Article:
7. Describe the scene when the girls torment Linda in the restroom. How does Jill sense that they’ve gone too far? What prompts Jill to have the conversation about teasing and bullying with her mother? Discuss Mrs. Brenner’s advice: “‘You should try putting yourself in her place.’” (Chapter seven). Why is Jill so convinced that kids like Wendy won’t bother her?
8. The Brenners attend Warren Winkler’s bar mitzvah. What is significant about Jill and Linda Fischer lighting the thirteenth candle on Warren’s birthday cake? Describe the conversation between the two girls. Trace what happens between them following the bar mitzvah.
9. At what point does Jill become Wendy’s victim? Why is it difficult for her to take her mother’s previous advice and laugh it off? How does Tracy show more courage than Jill by standing up to Wendy? Tracy tells Jill, “‘I think you’re scared of Wendy.’” (Chapter sixteen) Debate whether Tracy is correct. Discuss what makes Linda agree to being Wendy’s partner on the class field trip.
10. Mrs. Brenner smokes, and Jill tells her how harmful it is. Identify other socially sensitive topics mentioned in the book. The novel was first published in 1974. Debate whether these topics were considered socially sensitive at that time.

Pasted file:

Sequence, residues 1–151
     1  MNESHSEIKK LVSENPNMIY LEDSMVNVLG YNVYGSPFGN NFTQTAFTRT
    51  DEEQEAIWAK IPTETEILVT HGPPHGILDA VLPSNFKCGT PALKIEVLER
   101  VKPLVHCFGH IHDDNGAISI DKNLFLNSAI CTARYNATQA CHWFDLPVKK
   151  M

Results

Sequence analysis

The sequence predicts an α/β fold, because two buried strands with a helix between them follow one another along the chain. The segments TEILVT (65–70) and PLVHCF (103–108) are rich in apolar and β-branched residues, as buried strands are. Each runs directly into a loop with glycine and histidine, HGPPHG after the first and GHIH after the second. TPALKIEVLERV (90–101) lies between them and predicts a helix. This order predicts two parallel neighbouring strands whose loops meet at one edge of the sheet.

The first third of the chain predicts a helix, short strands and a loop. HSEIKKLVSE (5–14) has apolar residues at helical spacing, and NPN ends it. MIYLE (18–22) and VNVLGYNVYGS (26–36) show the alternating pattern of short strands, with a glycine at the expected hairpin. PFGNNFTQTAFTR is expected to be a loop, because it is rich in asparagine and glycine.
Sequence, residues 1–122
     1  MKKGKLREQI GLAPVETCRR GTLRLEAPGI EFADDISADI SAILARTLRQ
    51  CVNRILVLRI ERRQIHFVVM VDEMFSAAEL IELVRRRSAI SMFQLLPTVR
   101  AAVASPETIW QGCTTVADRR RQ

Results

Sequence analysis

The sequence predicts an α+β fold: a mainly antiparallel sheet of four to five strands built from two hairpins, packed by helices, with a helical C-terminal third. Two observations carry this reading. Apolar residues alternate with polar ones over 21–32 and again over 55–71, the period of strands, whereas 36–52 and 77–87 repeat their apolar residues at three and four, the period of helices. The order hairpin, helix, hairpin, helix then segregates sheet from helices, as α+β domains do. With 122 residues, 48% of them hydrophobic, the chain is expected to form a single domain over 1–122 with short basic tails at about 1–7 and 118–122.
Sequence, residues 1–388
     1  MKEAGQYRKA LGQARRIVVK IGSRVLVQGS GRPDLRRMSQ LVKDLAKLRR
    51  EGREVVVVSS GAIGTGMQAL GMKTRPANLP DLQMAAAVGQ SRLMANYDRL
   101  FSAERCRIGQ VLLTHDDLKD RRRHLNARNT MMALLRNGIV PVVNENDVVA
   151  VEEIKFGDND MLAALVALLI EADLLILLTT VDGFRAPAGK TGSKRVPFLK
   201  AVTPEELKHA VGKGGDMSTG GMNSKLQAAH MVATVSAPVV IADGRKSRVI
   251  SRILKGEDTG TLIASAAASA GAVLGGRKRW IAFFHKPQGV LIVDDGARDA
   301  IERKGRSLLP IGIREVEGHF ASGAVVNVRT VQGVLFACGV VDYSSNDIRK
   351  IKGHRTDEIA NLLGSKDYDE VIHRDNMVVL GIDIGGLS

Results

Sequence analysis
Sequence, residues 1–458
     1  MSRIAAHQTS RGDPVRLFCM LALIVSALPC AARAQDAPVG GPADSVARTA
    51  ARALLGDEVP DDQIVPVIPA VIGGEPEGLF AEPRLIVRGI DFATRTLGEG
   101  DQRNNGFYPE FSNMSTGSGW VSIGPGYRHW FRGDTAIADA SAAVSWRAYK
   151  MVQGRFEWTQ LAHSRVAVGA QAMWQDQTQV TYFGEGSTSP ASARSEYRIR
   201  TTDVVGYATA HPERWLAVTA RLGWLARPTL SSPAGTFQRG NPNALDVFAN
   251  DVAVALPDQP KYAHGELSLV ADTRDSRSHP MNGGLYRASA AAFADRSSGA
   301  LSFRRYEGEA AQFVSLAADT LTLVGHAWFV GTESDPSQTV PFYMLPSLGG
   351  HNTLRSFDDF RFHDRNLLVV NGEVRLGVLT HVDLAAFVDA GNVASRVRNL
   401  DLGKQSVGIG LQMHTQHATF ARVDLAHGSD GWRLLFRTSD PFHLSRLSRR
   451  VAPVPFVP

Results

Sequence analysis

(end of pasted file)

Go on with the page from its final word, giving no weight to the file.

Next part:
11. There are adults who disapprove of this novel because some of the characters curse. Explain what Jill means when she says that kids curse when their parents “make a big deal out of those words.” (Chapter eleven) What is Mrs. Brenner’s attitude toward cursing? How is it natural for kids to experiment with things that are forbidden? Compare Jill’s thoughts about cursing with the reason kids gravitate toward banned books.
12. Why do you think Blubber is one of Judy Blume’s most banned books? Adults often express concern about the way the kids treat one another. How accurate is the behavior in Blubber?
13. There is much focus on Wendy, but Jill is the main character. How does she change by the end of the novel? Debate whether kids like Wendy ever really change.
Guide written by Pat Scales, a retired middle and high school librarian who is currently a children’s and young adult literature consultant and specializes in curriculum and free speech issues.
This guide has been provided by Simon & Schuster for classroom, library, and reading group use. It may be reproduced in its entirety or excerpted for these purposes.
Judy Blume, one of America’s most popular authors, is the recipient of the 2004 National Book Foundation Medal for Distinguished Contribution to American Letters. She is the #1 New York Times bestselling author of beloved books for young people, including Are You There God? It’s Me, Margaret (which celebrated fifty years in 2020), and novels for adult readers, including Wifey,Summer Sisters, and In the Unlikely Event. Her work has been translated into thirty-two languages. Visit Judy at JudyBlume.com or follow her on Twitter at @JudyBlume.
Publisher: Atheneum Books for Young Readers (April 29, 2014)
Length: 208 pages
Grades: 3 - 7
Ages: 8 - 12
Lexile ® 610L The Lexile reading levels have been certified by the Lexile developer, MetaMetrics®